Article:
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ChinaEast Asia and PacificFellowLanguage TeachingProfessional Development

Amy Christensen

The time that Amy Christensen spent as a fellow has had a large impact on her personal and professional life. During her time as a fellow in China, Christensen worked on expanding the activities at the first Center for American Culture at Sichuan University in the city of Chengdu, the capital of Sichuan province. She also taught 20 hours a week and led teaching workshops and classes.

However, what Christensen enjoyed the most about her fellowship was the time that she spent traveling around to the different villages and universities in the region. She enjoyed being able to see educational settings so different from the big university in the city.

Christensen’s fellowship had a profound impact not only on her life, but on the lives of her family members as well.  Her middle school-aged son and daughter lived with her in China for half of her fellowship. “For them, the fellowship was life changing. They had never really been out of the States before and it was an eye-opening experience.” Christensen’s daughter is now a sophomore in high school and taking Chinese classes. She hopes to study abroad there in college.

Being able to take her family was a big reason Christensen became a fellow. “I didn’t leave the country until I was 22, and I really wanted them to have that experience of knowing that there is a world out there and not be as homebound as I was.”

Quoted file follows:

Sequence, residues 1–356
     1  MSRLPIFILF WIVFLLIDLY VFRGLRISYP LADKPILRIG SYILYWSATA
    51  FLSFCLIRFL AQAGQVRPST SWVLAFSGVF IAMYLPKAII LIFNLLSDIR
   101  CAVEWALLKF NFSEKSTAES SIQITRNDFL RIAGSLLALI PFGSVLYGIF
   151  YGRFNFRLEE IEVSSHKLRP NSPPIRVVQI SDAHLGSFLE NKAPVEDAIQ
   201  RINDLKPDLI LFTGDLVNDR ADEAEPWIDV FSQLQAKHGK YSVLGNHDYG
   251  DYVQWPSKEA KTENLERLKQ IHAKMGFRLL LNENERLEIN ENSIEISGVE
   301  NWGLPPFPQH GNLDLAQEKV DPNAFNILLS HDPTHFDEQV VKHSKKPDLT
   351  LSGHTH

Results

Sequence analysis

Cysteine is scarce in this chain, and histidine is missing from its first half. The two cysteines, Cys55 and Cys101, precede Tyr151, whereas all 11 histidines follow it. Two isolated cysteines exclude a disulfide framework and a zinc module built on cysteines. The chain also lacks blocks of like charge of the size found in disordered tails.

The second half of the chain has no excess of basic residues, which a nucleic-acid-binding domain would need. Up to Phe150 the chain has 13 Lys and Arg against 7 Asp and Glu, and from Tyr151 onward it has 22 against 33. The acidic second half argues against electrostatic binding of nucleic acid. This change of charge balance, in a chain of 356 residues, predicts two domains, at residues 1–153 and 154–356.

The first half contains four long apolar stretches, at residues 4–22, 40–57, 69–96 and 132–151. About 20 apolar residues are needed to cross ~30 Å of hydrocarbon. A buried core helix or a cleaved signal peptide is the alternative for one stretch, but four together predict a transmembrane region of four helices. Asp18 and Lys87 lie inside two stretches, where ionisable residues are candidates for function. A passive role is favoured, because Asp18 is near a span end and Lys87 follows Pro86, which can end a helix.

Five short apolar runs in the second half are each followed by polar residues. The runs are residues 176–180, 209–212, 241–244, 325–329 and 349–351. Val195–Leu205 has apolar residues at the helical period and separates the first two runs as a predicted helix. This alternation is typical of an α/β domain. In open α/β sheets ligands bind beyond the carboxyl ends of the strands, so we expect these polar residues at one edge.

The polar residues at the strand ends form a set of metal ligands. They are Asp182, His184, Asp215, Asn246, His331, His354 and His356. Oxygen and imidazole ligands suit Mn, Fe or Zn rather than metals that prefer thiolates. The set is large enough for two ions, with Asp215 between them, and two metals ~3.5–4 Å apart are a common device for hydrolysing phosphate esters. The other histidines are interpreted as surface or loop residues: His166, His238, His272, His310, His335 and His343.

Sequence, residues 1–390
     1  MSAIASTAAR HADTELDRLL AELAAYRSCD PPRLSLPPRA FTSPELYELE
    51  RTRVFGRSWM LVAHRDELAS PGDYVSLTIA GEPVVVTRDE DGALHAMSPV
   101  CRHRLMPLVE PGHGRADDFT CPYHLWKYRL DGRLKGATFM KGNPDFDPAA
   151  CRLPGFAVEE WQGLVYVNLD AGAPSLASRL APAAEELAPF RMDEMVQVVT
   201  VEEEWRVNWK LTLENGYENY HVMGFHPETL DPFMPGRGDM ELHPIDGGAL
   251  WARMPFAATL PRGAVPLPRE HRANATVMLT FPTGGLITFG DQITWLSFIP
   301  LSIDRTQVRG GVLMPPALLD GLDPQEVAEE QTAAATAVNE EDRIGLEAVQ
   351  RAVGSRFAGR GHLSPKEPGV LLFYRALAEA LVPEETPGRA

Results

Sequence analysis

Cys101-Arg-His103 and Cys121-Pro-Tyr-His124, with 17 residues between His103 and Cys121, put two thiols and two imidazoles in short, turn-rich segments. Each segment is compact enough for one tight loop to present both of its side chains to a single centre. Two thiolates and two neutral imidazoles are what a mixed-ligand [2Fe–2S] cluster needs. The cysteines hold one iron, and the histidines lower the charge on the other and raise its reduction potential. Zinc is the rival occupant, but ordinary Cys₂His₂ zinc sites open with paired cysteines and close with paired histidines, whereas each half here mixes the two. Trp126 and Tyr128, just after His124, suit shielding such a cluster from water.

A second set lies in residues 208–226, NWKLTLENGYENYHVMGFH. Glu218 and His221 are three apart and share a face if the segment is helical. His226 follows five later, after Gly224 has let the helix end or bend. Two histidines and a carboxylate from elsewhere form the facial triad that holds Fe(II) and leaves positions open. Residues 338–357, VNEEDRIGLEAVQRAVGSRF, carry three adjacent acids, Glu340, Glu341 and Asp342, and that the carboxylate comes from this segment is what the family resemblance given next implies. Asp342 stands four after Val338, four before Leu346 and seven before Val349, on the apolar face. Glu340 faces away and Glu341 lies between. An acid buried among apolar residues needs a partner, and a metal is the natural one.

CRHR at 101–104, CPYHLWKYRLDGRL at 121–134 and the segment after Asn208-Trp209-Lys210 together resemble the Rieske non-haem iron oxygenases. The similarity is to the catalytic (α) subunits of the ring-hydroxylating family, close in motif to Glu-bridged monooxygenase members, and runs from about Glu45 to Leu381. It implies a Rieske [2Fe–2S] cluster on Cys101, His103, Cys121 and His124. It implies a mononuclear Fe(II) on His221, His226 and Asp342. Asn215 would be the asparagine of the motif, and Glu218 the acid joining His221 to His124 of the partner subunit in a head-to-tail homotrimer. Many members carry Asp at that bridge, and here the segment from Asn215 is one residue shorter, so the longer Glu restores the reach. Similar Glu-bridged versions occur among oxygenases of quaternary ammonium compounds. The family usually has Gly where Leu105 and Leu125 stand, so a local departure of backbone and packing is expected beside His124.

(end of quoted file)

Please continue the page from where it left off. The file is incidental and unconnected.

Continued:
Christensen has made several important career moves since returning from her fellowship in China in 2012.  Upon returning to the United States, she was offered the position of department chair at Central New Mexico Community College.  With her experience doing curriculum development in China, she was quickly promoted to Associate Dean for the School of Adult and General Education. While she misses teaching in the classroom, Christensen says she enjoys the new challenge of being an administrator.

“Being a fellow gave me time to reassess things professionally,” Christensen said. “There are not a lot of programs like it for mid-career people like myself. It’s a great program for new teachers out of school, but it’s even better for people who have been teaching for 20 years and need to be reinvigorated.”

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This is a program of the U.S. Department of State, administered by Georgetown University, Center for Intercultural Education and Development.

All decisions related to participant terms (including candidate review, selection, funding, suspension, revocation, and termination) and all criteria related thereto are made and established by the U.S. Department of State.